Title: Schizophrenia: Stolen Minds, Stolen Lives
Running Time: 52 Minutes
Schizophrenia is a serious disorder which affects how a person thinks, feels and acts. Someone with schizophrenia may have difficulty distinguishing between what is real and what is imaginary; may be unresponsive or withdrawn; and may have difficulty expressing normal emotions in social situations.
Contrary to public perception, schizophrenia is not split personality or multiple personality.
The vast majority of people with schizophrenia are not violent and do not pose a danger to others.
Schizophrenia is not caused by childhood experiences, poor parenting or lack of willpower, nor are the symptoms identical for each person.
This program examines schizophrenia, an often heartbreaking mental illness that can rob people of the chance to pursue normal goals.
After noting that one percent of the world’s population suffers from this disability and describing its symptoms, experts discuss how this insidious disease affects the human brain and a person’s ability to function socially.
Fortunately, some afflicted individuals are able to achieve a high state of functioning, including Dr. John Nash Jr., who won a Nobel Prize in Economics. However, most spend their lives struggling to cope with hallucinatory voices and the potent drugs designed to control all of the troubling symptoms of the illness.
Case studies and interviews help illustrate how various people are trying to live with this disease.
The signs of schizophrenia are different for everyone. Symptoms may develop slowly over months or years, or may appear very abruptly. The disease may come and go in cycles of relapse and remission.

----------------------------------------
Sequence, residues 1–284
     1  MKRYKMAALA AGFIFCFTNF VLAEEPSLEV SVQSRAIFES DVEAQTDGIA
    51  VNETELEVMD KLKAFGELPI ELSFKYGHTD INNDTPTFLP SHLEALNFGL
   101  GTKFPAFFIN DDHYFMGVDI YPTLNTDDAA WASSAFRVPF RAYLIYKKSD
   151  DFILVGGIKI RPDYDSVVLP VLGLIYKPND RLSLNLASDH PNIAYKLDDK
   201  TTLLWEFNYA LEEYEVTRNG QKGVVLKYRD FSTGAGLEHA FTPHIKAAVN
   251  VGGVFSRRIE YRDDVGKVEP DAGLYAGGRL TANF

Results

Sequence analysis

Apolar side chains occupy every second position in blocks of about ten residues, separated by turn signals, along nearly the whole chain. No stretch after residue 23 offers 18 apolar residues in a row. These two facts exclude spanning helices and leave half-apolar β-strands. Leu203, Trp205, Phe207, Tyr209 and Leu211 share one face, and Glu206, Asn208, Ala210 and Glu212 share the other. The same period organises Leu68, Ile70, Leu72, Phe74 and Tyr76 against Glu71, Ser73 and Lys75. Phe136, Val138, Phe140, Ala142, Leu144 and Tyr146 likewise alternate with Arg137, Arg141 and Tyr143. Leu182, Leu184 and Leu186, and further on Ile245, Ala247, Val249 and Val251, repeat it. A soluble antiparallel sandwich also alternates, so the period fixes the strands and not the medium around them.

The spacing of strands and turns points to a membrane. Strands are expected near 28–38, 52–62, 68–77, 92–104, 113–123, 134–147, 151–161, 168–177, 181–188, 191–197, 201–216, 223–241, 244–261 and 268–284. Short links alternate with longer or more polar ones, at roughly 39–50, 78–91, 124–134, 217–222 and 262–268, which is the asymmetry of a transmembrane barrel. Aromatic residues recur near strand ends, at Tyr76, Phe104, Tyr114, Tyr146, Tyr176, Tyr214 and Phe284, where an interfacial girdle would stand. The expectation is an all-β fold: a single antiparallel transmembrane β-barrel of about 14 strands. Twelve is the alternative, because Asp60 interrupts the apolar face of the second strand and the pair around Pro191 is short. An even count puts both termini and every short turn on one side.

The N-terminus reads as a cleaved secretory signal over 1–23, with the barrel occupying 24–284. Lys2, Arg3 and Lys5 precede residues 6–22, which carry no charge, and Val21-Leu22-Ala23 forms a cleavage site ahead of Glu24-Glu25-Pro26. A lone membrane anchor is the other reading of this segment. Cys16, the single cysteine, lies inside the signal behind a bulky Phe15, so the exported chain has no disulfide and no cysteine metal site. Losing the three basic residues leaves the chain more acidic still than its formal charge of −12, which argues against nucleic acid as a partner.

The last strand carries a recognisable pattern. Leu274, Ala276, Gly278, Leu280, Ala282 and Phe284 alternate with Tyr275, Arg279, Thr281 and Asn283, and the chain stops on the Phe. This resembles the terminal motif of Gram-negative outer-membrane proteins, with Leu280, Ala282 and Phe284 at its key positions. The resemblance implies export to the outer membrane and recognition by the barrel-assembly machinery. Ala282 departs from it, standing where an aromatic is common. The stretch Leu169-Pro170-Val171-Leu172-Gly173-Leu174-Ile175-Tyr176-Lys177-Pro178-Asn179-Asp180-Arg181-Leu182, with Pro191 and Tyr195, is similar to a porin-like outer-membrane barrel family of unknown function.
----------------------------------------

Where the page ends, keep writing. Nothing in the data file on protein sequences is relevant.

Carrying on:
Behaviors that are early warning signs of schizophrenia include:
Hearing or seeing something that isn’t there
A constant feeling of being watched
Peculiar or nonsensical way of speaking or writing
Strange body positioning
Feeling indifferent to very important situations
Deterioration of academic or work performance
A change in personal hygiene and appearance
A change in personality
Increasing withdrawal from social situations
Irrational, angry or fearful response to loved ones
Inability to sleep or concentrate
Inappropriate or bizarre behavior
Extreme preoccupation with religion or the occult
Schizophrenia affects about 1% of the world population. In the United States one in a hundred people, about 2.5 million, have this disease. It knows no racial, cultural or economic boundaries. Symptoms usually appear between the ages of 13 and 25, but often appear earlier in males than females.
If you or a loved one experience several of these symptoms for more than two weeks, seek help immediately.
IRI shares these videos to help people better understand themselves, their relationships, and their environment.